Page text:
Storks are medium to large wading birds, birds who walk through shallow water in search of food. They have long legs, long necks, powerful bills and broad, strong wings. Male and female storks look alike. Scientists think they are more closely related to the vultures of North and South America than to other long-legged wading birds such as herons.
Most of the nineteen kinds of storks have feathers that are different combinations of white, black, and gray, and many have brightly colored bills. Storks are 30 to 60 inches (75 to 152 centimeters) long from beak to tail, and they weigh between 2.9 and 19.7 pounds (1.3 and 8.9 kilograms).
Storks are found on all continents except Antarctica. Most live in the warm areas of Europe, Asia, and Africa. The wood stork is the only kind that lives that lives in North America.
Storks are found in a wide variety of habitats. Many live in or near wetlands with shallow water. Some, such as the marabou (MARE-uh-boo), prefer drier grasslands within flying distance of rivers or lakes. Black storks nest in the forests of Europe and Asia near pools and rivers. Some storks do not mind living near people and some nest on buildings in European towns and cities.
Storks are carnivorous, meat-eaters. They eat many different kinds of animals found in or near water, including fish, frogs, insects, and snails. Some storks hunt for food by feeling underwater with their sensitive bills. Others watch for their prey and grab it. Marabou storks sometimes feed on carrion, dead and decaying flesh, just as vultures do. Since a marabou’s head and neck are bare, it can poke deep inside a dead animal’s body without messing its feathers.
BEHAVIOR AND REPRODUCTION
Storks can soar high in the sky on rising warm air currents, and most of them fly with their necks and legs stretched out. Much of the year, storks keep to themselves or form small flocks. But at breeding time, some storks nest in big groups called colonies, while others nest alone or in small groups.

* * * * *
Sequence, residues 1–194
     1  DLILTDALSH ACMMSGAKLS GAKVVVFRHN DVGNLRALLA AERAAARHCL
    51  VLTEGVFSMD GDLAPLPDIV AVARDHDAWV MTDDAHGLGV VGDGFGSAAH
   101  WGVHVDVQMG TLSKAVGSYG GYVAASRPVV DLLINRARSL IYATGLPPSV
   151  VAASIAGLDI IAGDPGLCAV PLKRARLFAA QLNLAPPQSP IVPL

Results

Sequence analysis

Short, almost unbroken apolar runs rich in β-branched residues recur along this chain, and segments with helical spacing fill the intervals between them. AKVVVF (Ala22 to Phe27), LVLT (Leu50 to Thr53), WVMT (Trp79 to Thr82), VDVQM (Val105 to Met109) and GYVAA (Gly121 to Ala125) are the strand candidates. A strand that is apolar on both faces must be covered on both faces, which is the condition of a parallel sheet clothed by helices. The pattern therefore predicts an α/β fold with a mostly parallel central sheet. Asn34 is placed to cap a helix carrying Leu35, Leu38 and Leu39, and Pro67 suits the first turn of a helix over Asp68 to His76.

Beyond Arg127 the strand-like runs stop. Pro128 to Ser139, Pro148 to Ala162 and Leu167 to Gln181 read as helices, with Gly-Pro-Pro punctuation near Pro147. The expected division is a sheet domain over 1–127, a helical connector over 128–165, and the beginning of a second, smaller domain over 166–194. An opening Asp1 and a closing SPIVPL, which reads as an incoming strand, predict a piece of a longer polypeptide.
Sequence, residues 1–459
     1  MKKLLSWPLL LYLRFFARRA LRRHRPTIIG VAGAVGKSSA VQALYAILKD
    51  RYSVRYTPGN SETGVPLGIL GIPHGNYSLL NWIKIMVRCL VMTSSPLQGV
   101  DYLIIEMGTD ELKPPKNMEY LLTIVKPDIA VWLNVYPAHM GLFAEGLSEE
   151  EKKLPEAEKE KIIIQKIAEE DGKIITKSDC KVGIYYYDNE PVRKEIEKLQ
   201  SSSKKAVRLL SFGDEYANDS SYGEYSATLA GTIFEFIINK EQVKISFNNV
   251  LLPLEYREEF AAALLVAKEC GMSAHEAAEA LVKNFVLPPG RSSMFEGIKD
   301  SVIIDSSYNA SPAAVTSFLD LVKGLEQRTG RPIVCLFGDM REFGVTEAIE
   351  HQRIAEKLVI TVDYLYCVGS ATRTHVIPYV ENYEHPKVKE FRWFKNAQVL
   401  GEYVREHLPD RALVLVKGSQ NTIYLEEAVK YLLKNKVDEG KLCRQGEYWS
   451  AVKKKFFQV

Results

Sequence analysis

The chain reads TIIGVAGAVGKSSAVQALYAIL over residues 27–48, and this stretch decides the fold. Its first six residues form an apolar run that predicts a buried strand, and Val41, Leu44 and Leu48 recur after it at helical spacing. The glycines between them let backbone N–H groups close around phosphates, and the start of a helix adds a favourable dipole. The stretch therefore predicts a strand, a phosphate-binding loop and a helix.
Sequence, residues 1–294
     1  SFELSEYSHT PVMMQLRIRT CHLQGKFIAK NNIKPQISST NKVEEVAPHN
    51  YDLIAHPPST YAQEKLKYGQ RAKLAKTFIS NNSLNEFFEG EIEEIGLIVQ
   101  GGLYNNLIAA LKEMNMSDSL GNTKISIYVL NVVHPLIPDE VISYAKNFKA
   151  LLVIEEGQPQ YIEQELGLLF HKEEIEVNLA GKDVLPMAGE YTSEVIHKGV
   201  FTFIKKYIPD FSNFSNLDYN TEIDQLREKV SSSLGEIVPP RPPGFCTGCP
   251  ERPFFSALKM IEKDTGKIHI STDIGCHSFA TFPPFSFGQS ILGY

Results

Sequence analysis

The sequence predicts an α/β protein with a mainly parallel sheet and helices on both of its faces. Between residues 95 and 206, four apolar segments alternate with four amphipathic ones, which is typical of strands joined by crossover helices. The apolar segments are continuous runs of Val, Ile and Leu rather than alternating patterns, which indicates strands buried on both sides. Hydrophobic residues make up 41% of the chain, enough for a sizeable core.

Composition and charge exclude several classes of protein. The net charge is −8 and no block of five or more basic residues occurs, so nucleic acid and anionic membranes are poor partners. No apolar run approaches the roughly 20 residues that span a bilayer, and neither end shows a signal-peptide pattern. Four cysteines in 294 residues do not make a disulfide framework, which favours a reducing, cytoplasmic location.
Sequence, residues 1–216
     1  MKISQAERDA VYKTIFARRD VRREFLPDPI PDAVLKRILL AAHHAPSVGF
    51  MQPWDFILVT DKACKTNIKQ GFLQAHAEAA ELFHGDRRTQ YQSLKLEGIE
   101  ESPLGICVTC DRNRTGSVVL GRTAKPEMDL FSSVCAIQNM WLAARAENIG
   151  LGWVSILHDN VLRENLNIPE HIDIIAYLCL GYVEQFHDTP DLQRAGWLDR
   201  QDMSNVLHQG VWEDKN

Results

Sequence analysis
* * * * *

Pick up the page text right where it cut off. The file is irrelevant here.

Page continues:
Storks have various courtship displays, including dancing movements and loud bill clattering. Both parents help build platform nests of sticks and twigs, usually in trees. They raise an average of five chicks, and the young storks are ready to have families of their own when they are between three and five years old.
STORKS AND PEOPLE
Most people who live near storks are fond of the birds and want to protect them. Having storks around is a sign of good luck for some communities. Tourists enjoy going places where they can see the big birds. Storks are also the topic of many stories, myths, and folk tales. Some people hunt them for food because they are big and have a lot of meat.
The Oriental white stork, Storm’s stork, and the greater adjutant are listed as Endangered, facing a very high risk of extinction in the wild. The lesser adjutant and the milky stork are considered Vulnerable, facing a high risk of extinction in the wild. Also many populations of storks are declining because the places they need to live are being taken over by human building projects. Wood storks are not listed as endangered in most places, but they are on the U.S. Endangered Species List.